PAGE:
PRAYER, FORGIVENESS, AND REST

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Exhausted. Have you ever felt that way after forgiving someone? When you’ve been the one hurt, offended, aggrieved or wounded, was it easy to forgive? Or did you feel like it was the last thing on earth you wanted to do, but you grudgingly knew the Father’s will: to forgive.

I wonder if Jesus’ passionate prayer struggle in Gethsemane had anything to do with the immense energy it would take for him to forgive the entire human race of their rebellion, sin of massive proportions. How did his task compare with the relatively small grievances I have had to forgive? Listen to his prayer:

“My Father, if it is possible, may this cup be taken from me. Yet not as I will, but as you will.” And a second time: “My Father, if it is not possible for this cup to be taken away unless I drink it, may your will be done.” And a third time, “Abba, Father…everything is possible for you. Take this cup from me. Yet not what I will, but what you will.”

When we forgive, we release our offender from our own judgment and leave them to the justice of God. But when Jesus forgives, he takes on the very debt the offense imposes. We begin to realize that the burden of forgiveness Jesus shouldered was not only extensive but also intensive. All of humankind is included in the remittance; and every person’s debt should warrant a death penalty.

What is the point in looking at the depth of the cost to Jesus of forgiving our rebellious race?

I am drawn to observe the resources Jesus employed in his great act of forgiveness because I too am called to forgive. So are you. It will be a death to self for us too, in a manner of speaking, if we are to accomplish it. How did Jesus do it?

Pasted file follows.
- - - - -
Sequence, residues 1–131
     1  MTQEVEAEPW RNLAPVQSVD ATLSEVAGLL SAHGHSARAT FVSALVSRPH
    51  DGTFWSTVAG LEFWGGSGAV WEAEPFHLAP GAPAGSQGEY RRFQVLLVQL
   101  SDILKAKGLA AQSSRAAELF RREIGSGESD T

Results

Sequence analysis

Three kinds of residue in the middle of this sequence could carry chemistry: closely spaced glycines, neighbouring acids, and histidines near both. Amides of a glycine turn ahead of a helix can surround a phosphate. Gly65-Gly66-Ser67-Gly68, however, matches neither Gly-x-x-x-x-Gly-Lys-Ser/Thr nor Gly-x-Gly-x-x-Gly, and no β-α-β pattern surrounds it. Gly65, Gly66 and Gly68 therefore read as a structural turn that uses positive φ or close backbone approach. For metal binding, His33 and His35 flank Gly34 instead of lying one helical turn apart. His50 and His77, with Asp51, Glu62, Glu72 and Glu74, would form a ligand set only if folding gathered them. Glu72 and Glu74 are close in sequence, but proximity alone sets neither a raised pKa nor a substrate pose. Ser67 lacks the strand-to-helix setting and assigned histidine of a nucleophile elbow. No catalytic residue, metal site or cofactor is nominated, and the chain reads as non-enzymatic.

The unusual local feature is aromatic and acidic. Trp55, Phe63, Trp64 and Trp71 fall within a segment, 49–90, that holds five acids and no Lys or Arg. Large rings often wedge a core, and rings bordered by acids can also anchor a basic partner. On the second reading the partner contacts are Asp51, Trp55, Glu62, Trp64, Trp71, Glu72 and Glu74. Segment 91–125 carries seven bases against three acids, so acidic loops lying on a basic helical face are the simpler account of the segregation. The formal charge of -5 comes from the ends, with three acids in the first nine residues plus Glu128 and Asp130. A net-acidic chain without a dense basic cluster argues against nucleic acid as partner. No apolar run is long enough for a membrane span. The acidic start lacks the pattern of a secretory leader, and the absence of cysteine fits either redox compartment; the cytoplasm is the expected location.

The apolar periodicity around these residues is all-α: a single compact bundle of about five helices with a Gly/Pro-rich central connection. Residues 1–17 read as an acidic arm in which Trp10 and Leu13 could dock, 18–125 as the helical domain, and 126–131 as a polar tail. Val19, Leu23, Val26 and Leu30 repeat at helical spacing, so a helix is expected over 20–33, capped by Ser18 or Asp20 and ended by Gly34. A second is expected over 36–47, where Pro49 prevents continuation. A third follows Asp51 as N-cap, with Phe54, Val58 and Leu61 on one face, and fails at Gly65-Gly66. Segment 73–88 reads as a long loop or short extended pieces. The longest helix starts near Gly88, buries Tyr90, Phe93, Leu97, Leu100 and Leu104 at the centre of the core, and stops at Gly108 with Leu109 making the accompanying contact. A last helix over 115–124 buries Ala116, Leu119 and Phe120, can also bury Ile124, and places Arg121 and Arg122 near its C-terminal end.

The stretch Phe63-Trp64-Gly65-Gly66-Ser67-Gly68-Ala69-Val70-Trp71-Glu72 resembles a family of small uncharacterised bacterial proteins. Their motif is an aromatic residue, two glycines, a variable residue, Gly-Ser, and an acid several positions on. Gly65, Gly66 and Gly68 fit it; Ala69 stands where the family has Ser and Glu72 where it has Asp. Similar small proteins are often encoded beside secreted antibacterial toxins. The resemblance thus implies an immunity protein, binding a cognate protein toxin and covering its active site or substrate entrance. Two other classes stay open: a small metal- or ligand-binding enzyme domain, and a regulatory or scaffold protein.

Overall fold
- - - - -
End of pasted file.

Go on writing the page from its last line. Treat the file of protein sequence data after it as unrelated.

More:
He prayed. He brought before the Father His sense of the daunting weight of the prospect of forgiving. He likened it to a bitter drink he must swallow. He invoked the immeasurable power of the Father; the vigor of the Divine Trinity would need to be harnessed in order to forgive the magnitude of offense the human race had inflicted. Describing a gap between His own wish and that of His Father, He verbalized submission to the Father’s will, and not only once. Three times he brought this hindrance and solution before the Father. The result? He was strengthened and enabled to accomplish the impossible task of forgiving and bearing the moral debt of all of humanity.

Will we ever be called upon to forgive to that extent? No. We can rest assured that colossal task was Christ’s alone. But some days it might feel like our opportunities to forgive are mammoth too. Then we, more than ever before, must mimic our model of true humanity, and pray. We too must bring before the Father our sense of the daunting weight of the prospect of forgiving. We too must invoke the immeasurable power of the Almighty One; only the vigor of the Divine Trinity is enough to enable us to truly forgive. What does He say the result will be?

“Come to me, all you who are weary and burdened, and I will give you rest. Take my yoke upon you and learn from me, for I am gentle and humble in heart, and you will find rest for you souls. For my yoke is easy and my burden is light” (Matthew 11:28-30). Let’s do like Jesus. Forgive and find rest.

 

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